Your Definitive Guide To a Happy Sober Holiday Season – Tools And Tips

desk with holiday items to show that you have to plan to have a successful sober holiday

Your Definitive Guide To a Happy Sober Holiday Season – Tools And Tips

Welcome to the Tools and Techniques Entry. So far, you’ve reviewed your current status of recovery in general, and you’ve assessed your upcoming holiday specifically. Today we’ll build a list of tools and techniques that can help you curate a holiday season that you enjoy free of the substances and behaviors you are avoiding.

Tools For a Sober Holiday

  1. “No, thank you” is adequate and sufficient. You’ll likely be offered a drink this holiday season. It’s a common temptation for persons in early recovery to continuing talking past “no, thank you.” Please consider not talking past that. There are millions of people who don’t drink; none of them must explain themselves. Neither do you. I’ve found that most people who pursue or pressure you beyond that have their own issues with alcohol. See What is Normal Drinking. You are not obligated (and you shouldn’t) interact with that. It’s wrong and awkward to expect a person to accept alcohol once they’ve declined. Let the person own their issues, you be confident in your “no, thank you.”
  2. Review and revise traditions. In the work you did for the first and second entry, you identified traditions that challenge your sobriety and traditions that benefit your sobriety. Get specific with your holiday season and work with the people closest to you. Which traditions that are most risky can you eliminate? Be honest – make sure you are not operating in a defense mechanism zone. If you legitimately can’t eliminate the tradition, how can you modify it to reduce risk?
  3. Consider creating or adding new traditions. Building a rich sobriety includes adding habits that are brain beneficial (such as service, gratitude, laughter). You may want to attend a community event, a religious/spiritual event, bake cookies, visit a skilled nursing facility, find a neighborhood known for Holiday decorations and walk/drive through, go to a holiday pop up market, or attend a holiday performance.
  4. Be selective – Review your holiday schedule carefully. Be selective about your people, pace, and settings. Own your time and carefully decide how you are going to spend your holiday hours to minimize stress to your recovery.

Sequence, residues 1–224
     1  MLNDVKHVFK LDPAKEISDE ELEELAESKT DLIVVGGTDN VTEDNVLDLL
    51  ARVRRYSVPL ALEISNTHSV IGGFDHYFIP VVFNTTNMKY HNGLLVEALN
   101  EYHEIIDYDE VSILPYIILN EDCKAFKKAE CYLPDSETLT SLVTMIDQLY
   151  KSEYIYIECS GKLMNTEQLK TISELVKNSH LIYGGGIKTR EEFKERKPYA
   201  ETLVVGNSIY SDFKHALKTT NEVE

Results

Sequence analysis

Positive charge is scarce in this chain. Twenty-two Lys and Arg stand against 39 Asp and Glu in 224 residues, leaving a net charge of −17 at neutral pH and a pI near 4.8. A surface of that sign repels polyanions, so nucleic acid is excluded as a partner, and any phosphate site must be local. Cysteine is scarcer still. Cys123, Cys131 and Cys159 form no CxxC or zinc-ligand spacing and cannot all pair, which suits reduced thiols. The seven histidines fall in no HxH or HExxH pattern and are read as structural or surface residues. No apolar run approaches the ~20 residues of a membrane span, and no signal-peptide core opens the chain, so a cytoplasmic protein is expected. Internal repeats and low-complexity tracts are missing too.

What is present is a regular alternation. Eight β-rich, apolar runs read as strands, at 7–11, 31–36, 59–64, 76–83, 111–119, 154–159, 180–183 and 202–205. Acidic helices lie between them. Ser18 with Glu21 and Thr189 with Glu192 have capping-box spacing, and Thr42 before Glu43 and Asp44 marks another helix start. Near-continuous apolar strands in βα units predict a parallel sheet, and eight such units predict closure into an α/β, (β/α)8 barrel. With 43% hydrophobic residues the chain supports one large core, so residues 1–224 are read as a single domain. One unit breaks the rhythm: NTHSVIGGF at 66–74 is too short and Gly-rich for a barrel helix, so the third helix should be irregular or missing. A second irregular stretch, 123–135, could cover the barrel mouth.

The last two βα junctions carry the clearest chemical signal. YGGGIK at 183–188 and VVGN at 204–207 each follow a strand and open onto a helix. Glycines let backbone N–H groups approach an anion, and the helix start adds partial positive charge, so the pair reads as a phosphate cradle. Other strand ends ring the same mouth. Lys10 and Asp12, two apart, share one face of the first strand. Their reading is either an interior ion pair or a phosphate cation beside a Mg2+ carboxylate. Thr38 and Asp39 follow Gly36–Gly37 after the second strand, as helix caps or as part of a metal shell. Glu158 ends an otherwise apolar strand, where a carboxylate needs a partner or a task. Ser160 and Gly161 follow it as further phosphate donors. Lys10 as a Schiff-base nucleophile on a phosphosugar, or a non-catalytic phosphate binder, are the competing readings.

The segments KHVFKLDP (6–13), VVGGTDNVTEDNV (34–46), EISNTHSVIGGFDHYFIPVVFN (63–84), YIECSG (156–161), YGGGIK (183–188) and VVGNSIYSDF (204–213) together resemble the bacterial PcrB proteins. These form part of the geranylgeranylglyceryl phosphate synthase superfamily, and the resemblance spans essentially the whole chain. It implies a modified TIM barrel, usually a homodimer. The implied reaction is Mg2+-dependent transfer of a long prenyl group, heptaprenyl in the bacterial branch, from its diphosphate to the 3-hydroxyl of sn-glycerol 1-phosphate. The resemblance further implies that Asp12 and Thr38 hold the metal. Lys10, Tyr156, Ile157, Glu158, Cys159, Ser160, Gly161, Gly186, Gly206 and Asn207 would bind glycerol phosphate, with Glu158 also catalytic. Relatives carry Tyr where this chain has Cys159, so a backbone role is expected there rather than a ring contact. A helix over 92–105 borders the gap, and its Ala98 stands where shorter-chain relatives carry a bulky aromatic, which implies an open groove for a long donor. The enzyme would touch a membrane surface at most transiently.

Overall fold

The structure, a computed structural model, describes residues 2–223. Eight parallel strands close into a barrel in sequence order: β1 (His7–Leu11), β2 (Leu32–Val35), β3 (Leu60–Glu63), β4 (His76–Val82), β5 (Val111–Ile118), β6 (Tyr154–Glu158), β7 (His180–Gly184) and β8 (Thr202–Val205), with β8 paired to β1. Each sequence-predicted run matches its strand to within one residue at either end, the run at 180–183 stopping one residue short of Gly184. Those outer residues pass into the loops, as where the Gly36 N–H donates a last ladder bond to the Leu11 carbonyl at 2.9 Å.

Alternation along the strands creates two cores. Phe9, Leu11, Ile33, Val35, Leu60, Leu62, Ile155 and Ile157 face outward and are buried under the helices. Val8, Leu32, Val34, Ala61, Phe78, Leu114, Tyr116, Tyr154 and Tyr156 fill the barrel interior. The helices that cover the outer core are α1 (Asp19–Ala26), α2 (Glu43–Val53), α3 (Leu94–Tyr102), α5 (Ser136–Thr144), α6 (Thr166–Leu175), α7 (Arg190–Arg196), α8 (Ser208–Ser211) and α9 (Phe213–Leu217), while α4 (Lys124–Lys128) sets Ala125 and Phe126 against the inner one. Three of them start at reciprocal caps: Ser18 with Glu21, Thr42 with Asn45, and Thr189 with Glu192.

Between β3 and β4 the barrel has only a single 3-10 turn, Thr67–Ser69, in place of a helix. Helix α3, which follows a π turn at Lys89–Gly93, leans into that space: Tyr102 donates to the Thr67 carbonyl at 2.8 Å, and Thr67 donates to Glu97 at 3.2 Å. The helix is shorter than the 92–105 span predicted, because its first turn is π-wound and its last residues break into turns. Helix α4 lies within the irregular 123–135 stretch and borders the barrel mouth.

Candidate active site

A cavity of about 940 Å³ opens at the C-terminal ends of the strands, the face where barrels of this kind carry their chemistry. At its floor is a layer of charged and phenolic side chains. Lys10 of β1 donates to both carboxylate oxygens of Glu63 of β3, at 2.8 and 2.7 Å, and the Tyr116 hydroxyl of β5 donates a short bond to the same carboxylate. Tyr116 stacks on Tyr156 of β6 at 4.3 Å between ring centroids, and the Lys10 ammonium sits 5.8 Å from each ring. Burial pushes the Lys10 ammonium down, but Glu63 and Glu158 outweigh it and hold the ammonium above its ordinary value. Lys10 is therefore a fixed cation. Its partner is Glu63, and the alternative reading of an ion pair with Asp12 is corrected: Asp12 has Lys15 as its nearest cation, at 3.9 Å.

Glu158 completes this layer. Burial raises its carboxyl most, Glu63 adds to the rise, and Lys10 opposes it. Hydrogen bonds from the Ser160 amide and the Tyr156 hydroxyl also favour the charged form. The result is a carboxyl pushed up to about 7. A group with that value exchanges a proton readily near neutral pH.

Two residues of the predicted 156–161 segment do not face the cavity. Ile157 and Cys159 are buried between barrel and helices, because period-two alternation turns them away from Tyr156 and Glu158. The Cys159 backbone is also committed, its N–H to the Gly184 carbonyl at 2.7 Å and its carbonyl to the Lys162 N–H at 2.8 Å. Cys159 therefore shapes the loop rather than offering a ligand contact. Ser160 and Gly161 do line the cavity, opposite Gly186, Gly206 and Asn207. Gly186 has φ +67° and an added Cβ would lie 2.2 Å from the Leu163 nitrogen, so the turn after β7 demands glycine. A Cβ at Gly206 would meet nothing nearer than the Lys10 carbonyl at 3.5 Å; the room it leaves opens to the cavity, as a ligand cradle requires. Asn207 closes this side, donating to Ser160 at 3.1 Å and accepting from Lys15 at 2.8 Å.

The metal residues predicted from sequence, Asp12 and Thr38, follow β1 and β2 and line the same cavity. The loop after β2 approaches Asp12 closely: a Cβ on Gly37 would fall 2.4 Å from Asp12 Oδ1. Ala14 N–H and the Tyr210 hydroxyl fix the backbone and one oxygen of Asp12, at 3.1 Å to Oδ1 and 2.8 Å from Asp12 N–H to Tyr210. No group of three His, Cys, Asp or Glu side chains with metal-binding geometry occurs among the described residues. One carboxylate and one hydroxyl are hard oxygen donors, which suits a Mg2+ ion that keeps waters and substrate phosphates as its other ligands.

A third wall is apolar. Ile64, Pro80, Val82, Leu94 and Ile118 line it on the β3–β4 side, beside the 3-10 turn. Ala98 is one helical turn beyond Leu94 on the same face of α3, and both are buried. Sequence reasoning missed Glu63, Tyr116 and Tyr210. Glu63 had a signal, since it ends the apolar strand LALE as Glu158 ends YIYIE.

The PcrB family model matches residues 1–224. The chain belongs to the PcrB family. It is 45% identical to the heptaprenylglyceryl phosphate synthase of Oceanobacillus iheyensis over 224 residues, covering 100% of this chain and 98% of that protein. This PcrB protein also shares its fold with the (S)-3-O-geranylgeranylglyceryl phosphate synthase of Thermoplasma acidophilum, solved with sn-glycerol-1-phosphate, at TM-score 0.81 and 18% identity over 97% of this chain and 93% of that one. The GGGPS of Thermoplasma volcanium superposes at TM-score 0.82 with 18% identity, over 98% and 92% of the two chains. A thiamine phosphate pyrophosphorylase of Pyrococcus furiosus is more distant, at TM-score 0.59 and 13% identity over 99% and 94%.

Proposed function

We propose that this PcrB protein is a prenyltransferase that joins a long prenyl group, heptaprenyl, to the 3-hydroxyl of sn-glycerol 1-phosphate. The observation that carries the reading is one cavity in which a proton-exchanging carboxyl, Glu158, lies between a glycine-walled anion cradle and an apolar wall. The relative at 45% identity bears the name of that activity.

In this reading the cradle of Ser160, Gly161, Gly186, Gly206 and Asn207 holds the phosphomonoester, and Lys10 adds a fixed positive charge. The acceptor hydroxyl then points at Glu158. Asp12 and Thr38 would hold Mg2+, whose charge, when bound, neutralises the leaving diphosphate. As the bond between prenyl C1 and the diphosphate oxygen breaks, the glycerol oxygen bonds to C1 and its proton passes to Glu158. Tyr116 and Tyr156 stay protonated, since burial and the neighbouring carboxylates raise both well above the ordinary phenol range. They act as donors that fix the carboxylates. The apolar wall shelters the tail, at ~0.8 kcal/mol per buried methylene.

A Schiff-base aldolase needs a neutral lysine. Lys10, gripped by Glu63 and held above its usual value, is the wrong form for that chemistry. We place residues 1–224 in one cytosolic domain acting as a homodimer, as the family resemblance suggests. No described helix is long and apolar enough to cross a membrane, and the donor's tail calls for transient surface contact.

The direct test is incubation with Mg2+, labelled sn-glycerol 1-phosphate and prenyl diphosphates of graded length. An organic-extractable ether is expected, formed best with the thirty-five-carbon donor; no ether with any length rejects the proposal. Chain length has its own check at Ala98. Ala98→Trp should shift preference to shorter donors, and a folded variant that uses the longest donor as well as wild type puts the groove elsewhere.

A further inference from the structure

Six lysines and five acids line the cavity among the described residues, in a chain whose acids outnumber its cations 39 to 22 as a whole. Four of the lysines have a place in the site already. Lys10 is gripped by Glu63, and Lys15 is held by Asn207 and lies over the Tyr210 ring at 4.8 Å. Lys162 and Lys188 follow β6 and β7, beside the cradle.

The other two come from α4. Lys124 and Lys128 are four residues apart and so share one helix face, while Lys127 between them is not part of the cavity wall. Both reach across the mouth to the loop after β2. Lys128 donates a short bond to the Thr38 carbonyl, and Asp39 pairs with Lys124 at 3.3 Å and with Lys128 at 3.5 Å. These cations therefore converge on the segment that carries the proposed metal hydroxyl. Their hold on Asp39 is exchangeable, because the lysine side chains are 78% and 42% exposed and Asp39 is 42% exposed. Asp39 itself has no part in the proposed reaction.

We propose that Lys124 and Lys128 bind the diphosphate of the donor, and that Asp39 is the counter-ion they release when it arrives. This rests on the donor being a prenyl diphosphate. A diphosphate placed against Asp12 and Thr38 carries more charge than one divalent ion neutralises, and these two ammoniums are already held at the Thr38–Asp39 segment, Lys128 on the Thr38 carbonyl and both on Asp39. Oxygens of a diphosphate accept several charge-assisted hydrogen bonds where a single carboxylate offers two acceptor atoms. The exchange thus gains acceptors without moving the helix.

5. Increase joy, increase savoring – Find ways, large and small, to increase moments of joy, laughter and fun. These are fun for the obvious reasons, but they are also beneficial from a brain health standpoint. This progresses health and patterns the brain on a recovery map vs. the relapsing brain detailed in the first entry in the series.
  6. Use the holidays as ways to further recovery. If you are working a 12-Step program, for example, speak with your sponsor about working any 9th steps during this time when you are in contact with family members and friends.
  7. Have outs available – (and be willing to use them) – The outs can include leaving but they can also be smaller such as a text, phone call, Facetime, Zoom, or Skype.
  8. Be consistent with everyday habits such as meditation, exercise, prayer.
  9. Be aware of and practice tools such as in the moment meditations and “urge surfing”.

In general, continue as many of your daily, weekly, and regular recovery habits as possible during “The Holidays.” Moving into this season after a thorough and honest self-assessment, a review of your specific situation, and a full recovery tool box, you can look to the next 2 months with confidence and open to moments of joy and celebration.

holiday decor to reinforce the idea that you need to be intentional to have a fun and healthy sober holiday

One thought on “Your Definitive Guide To a Happy Sober Holiday Season – Tools And Tips”

  1. Sharon Heritch says:

    This actually sounds a lot like the suggestions in the book Unplug the Christmas Machine by Jo Robinson. She wrote it to help women overwhelmed by the expectations, materialism and rush of the holidays.

    Clarify what you want, then eliminate things that don’t serve that.

    I used to lead one of our AP meetings on this topic every year. 🙂

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